‘PACE declaration on Magnitsky case has no legal force’

Sergey Magnitsky
Strasbourg is unlikely to adopt a resolution on the Magnitsky case, believes chairman of the State Duma Committee for International Affairs Konstantin Kosachev, who is currently in Strasbourg heading the Russian delegation to PACE.

­On Friday, Kosachev commented on media reports about a declaration allegedly being prepared by the Parliamentary Assembly of Europe. The document calls on the Russian authorities to punish all those responsible for the death of the Hermitage Capital lawyer Sergey Magnitsky.

“The document does not stand up to criticism and, in fact, has no legal force,” Kosachev observed. “For such a serious organization as PACE, it is not a document. I’ve no doubt that it won’t bring any consequences and won’t result in a resolution or a report.”

The politician added that the move by the European deputies is “yet another attempt to exert pressure on the Russian court authorities”, which is “unacceptable”.

At the same time he noted that Russia is first and foremost interested in clarifying the case of Sergey Magnitsky and will do its best to do so.

Magnitsky was arrested on charges of alleged tax evasion, and died of a heart attack while in a Moscow pre-trial detention facility on November 16, 2009. The Hermitage Capital Management Fund has insisted that the case against the lawyer was made up because he had uncovered a multi-million-dollar corruption scheme involving high-ranking state officials.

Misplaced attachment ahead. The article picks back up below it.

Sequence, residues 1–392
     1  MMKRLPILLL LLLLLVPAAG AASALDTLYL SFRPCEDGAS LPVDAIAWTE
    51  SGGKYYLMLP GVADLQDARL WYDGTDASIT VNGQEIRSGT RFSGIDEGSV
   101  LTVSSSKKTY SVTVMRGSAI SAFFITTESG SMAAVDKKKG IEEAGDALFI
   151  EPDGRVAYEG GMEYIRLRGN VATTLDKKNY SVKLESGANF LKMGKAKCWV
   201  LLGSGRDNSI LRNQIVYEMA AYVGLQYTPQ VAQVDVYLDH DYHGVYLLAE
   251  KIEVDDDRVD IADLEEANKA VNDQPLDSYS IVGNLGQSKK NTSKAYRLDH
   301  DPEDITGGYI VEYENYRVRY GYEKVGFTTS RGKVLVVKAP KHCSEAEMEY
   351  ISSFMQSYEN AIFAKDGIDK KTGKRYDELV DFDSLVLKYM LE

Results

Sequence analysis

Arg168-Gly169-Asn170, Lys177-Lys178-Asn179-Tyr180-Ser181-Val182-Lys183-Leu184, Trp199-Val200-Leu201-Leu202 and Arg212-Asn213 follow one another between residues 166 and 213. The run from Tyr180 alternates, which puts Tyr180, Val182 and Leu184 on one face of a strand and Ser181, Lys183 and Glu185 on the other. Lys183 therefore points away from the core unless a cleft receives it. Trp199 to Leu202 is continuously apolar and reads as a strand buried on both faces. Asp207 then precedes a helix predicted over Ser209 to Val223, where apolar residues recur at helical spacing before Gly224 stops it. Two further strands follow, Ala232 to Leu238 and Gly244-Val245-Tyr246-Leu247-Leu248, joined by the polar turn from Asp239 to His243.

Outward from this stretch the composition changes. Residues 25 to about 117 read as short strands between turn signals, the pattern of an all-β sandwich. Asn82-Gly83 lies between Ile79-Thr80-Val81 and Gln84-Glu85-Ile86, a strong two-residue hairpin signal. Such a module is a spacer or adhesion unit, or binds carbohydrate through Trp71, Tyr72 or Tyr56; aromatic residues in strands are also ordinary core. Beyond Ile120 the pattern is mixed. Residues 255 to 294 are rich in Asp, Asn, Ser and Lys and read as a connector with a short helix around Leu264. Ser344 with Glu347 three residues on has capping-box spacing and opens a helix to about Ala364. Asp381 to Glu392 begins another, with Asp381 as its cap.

Russia’s Presidential Council for Human Rights conducted an independent investigation into the case. It concluded that the head of the pre-trial detention center, together with the investigators who had conducted the probe into allegations of tax fraud, deliberately prevented Magnitsky from receiving medical treatment.

The criminal investigation into the Magnitsky case continues. It has been drawing a lot of criticism from the West. In December 2010, the European Parliament backed a resolution that called on member states to introduce sanctions against the 60 Russian officials involved in the Sergey Magnitsky case. The move prompted a sharp reaction from the Russian State Duma, which called the resolution a crude intervention into the country’s internal affairs.

In July, the Obama administration imposed a travel ban on 60 Russian nationals, who Washington claims are linked to Magnitsky’s death. “Perplexed” by the decision, Moscow responded by introducing similar measures against certain US citizens.

Earlier this week, UK reportedly blacklisted 60 Russian officials to be refused entry to the country over the Magnitsky case, the Guardian claimed. There has been no official confirmation from the Foreign Office. The Russian Foreign Ministry issued a statement saying that it will take “reciprocal” measures if the report is confirmed.

Magnitsky’s death caused much controversy in Russian society and calls for further liberalization of the Criminal Code. The case became one of the major reasons for President Dmitry Medvedev to propose a law abolishing the arrest of severely ill suspects who have been charged with financial crimes.